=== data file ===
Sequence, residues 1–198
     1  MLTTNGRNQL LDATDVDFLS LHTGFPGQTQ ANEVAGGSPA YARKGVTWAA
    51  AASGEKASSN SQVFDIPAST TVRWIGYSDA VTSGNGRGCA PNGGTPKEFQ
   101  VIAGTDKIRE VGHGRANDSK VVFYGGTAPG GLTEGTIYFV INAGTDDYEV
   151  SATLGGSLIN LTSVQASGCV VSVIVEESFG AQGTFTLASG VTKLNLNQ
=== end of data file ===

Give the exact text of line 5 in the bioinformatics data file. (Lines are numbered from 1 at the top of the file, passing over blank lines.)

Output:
   151  SATLGGSLIN LTSVQASGCV VSVIVEESFG AQGTFTLASG VTKLNLNQ